After years of holographic bunkers and Avengers secured facilities, Steve Rogers is looking for a new place to call home, but what is the untold secret of his iconic shield? Your Major Spoilers review of Captain America: Sentinel of Liberty #1 from Marvel Comics awaits!
CAPTAIN AMERICA: SENTINEL OF LIBERTY #1
Writer: Jackson Lanzing & Collin Kelly
Artist: Carmen Carnero
Colorist: Nolan Woodard
Letterer: VC’s Joe Caramagna
Editor: Alanna Smith
Publisher: Marvel Comics
Cover Price: $4.99
Release Date: June 15, 2022
Previously in Captain America: Sentinel of Liberty: The shield is one of the most iconic images in the world. It stands for hope, justice, and the protection of the innocent. It also holds a secret, undiscovered until now, that will change the way Steve Rogers views the 20th century and how he chooses to fight in the 21st.
Nothing is what it appears.
BORN ON THE FOURTH OF JULY
Our mystery begins in 1941, at a place called The Forge, where we see the creation of Captain America’s indestructible shield (and not the same origin that we’ve seen before). Cut to the 21st century, where a 104-year-old Steve Rogers returns to the Lower East Side to rent an apartment… the same apartment he lived in as a boy. It’s a nice little touch, albeit a little sentimental, and we see Steve trying to fit in with the locals. He even starts taking classes at the local community college to freshen up his rusty drawing skills, but things get wacky when he and his ham radio pals encounter a strange numbers station. When they decode the mathematical message, they find an image of three concentric circles with a star in the middle: Steve’s shield! As the fourth of July dawns, Steve and the Winter Soldier provide unofficial security for New York’s festivities, only to run afoul of a new Destroyer with an unexpected plan.
A LITTLE BIT OVERWROUGHT
On the one hand, I do like seeing Steve Rogers return to New York as a normal man for what feels like the first time in years. But this issue features him remembering his memories, teaching bullied kids to fight, bonding with the locals, and generally glossing over a lot of details to get us to a point where Captain America is just a reg’lar feller in a run-down neighborhood. The action sequences are well-drawn, especially an epic rebound by Captain America off of a parade float of his shield, but that also brings up the biggest problem with the story: a LOT of coincidence. Captain America just happens to be talking to Roger Aubrey, a previous Destroyer, when a new one shows up. Something strange is happening involving the shield, and Bucky seems to be in on it. Captain America’s childhood apartment just happens to be available for rent and so it goes. Much of the plot treats the events of 1941 as if they just happened, which stretches my credulity a little more than I would have liked.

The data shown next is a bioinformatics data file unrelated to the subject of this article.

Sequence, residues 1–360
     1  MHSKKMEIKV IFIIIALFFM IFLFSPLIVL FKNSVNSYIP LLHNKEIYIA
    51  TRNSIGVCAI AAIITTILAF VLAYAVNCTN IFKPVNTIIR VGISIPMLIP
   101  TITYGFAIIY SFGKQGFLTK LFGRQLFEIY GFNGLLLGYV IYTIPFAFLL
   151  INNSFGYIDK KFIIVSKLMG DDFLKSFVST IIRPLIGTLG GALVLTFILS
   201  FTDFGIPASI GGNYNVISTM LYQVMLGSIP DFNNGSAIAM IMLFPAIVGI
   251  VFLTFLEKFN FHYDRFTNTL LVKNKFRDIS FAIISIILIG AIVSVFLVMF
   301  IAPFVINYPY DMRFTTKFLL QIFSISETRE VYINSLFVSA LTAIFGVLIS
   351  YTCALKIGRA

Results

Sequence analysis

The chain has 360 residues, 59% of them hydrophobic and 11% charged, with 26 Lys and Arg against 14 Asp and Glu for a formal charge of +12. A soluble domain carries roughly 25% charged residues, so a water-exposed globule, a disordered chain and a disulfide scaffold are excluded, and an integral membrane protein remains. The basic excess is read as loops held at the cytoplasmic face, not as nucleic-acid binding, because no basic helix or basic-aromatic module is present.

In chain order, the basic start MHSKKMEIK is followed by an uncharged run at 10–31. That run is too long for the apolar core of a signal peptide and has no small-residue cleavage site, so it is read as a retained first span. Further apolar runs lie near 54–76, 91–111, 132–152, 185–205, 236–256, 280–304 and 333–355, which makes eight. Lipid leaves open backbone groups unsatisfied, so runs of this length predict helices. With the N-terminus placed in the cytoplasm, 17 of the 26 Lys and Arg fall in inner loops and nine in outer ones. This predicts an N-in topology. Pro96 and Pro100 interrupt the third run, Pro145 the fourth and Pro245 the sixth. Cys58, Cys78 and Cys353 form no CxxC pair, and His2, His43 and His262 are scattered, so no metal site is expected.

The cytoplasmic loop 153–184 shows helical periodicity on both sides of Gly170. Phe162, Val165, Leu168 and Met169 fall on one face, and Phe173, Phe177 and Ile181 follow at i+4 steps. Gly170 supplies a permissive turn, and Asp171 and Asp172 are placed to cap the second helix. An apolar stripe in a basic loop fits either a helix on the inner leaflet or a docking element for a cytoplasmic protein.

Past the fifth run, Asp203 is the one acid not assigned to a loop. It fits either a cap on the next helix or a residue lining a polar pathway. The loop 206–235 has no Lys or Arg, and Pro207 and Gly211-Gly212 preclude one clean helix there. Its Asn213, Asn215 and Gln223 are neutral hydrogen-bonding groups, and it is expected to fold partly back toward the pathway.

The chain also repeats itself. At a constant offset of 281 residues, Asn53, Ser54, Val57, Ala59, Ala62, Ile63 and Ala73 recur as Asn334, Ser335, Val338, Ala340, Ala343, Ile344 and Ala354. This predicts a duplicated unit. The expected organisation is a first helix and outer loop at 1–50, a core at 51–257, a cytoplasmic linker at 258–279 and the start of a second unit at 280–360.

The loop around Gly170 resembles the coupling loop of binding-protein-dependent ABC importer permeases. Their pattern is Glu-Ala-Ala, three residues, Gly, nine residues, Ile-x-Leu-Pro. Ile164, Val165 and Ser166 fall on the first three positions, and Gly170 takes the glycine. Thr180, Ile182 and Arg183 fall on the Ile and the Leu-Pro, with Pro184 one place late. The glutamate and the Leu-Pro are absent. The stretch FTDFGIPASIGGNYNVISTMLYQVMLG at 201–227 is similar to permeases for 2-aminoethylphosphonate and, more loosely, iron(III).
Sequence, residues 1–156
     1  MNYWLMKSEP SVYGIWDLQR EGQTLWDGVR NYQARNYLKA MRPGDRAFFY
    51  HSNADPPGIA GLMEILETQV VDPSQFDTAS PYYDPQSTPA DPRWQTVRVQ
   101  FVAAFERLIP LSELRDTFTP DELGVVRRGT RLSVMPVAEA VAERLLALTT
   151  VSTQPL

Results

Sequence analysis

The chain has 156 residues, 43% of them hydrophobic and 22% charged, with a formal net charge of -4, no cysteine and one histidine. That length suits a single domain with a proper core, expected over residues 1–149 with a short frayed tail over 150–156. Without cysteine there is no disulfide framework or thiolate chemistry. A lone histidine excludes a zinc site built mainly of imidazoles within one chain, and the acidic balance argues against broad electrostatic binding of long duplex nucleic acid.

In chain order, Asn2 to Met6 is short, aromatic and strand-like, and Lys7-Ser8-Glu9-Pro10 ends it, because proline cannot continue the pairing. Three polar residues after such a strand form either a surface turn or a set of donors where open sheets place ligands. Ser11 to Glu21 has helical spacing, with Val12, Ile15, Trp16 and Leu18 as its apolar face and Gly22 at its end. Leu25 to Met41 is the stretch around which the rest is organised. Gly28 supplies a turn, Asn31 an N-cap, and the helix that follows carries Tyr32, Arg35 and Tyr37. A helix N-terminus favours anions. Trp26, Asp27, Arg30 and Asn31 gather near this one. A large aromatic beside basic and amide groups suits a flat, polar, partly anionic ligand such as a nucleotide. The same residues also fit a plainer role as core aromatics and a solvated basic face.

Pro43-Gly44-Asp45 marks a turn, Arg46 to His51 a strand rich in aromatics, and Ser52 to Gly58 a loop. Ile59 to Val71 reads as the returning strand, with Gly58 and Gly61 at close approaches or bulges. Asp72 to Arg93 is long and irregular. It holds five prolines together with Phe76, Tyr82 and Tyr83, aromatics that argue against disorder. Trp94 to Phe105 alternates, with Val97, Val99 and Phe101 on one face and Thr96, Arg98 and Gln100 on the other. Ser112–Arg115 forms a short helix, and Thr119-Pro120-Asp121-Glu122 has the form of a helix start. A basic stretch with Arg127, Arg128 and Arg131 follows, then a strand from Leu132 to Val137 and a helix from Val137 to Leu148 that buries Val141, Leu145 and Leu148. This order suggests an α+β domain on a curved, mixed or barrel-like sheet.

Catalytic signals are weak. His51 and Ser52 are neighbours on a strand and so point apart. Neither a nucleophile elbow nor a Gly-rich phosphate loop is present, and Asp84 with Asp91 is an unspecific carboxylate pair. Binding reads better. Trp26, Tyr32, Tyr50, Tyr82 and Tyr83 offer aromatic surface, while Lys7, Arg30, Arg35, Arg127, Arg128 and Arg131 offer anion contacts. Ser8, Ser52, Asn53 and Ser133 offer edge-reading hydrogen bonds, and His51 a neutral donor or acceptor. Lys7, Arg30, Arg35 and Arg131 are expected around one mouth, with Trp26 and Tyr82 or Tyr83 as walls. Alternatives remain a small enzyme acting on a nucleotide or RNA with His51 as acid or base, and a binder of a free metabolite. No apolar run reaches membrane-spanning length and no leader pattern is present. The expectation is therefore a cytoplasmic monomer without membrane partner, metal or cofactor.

BOTTOM LINE: WHAT IS THE CENTURY GAME?
Even with that caveat, Captain America: Sentinel of Liberty #1 presents an interesting piece of Rogers’ history, constructs the beginnings of a mystery, and offers us some low-key Cap drama to establish a new status quo, earning 3.5 out of 5 stars overall. Even though I have my reservations about the finer points of the execution, this is a solid first issue that gives us a whole new Cap that reminds me of the Bronze Age take in all the best ways.
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CAPTAIN AMERICA: SENTINEL OF LIBERTY #1
A couple of contrived plot points make the story feel less authentic, but the art is cool and the premise seems to have staying power, so I'm willing to see where this is all going.